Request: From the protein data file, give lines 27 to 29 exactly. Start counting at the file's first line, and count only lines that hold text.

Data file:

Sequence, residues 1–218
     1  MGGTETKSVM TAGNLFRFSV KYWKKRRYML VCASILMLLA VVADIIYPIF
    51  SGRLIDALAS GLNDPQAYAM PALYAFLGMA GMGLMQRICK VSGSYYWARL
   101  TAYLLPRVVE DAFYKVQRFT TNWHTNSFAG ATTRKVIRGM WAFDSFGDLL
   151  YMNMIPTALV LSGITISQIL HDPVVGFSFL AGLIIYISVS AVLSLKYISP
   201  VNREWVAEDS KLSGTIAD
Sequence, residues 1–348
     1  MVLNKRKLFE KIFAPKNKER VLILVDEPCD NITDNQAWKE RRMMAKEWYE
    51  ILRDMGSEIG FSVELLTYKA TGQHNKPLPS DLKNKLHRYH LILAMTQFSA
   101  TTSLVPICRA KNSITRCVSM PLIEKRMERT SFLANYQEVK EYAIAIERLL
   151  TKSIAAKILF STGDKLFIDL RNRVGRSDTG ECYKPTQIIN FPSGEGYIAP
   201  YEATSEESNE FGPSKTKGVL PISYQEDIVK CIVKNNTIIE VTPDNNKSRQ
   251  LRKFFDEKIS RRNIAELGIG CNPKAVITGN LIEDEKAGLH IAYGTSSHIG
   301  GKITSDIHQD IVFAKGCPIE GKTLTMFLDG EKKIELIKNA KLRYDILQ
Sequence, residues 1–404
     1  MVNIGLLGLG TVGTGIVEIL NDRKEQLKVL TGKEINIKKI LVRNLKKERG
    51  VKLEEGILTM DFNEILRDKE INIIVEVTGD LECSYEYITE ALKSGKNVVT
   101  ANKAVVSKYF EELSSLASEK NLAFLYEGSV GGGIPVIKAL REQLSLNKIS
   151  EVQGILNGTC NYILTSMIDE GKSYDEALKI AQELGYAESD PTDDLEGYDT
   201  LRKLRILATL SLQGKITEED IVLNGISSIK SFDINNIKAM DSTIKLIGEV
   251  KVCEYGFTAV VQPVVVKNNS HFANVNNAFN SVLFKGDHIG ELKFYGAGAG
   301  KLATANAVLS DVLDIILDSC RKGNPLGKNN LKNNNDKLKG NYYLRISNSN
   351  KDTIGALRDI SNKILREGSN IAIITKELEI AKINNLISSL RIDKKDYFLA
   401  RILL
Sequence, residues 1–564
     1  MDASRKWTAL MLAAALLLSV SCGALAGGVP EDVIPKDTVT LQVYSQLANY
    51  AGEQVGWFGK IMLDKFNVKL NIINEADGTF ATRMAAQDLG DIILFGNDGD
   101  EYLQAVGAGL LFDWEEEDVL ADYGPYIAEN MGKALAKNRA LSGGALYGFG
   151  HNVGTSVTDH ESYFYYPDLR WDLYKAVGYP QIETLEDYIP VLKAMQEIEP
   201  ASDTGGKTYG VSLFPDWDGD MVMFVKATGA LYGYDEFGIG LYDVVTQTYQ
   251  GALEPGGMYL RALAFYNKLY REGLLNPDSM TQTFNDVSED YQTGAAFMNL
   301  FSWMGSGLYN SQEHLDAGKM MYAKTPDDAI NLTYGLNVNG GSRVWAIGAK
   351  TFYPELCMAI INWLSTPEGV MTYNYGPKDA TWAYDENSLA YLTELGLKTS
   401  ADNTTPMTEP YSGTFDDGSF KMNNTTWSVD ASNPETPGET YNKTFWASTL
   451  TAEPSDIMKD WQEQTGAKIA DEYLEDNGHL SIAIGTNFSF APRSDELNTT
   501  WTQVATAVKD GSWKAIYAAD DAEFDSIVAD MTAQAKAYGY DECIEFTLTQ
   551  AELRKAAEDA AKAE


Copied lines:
    51  AGEQVGWFGK IMLDKFNVKL NIINEADGTF ATRMAAQDLG DIILFGNDGD
   101  EYLQAVGAGL LFDWEEEDVL ADYGPYIAEN MGKALAKNRA LSGGALYGFG
   151  HNVGTSVTDH ESYFYYPDLR WDLYKAVGYP QIETLEDYIP VLKAMQEIEP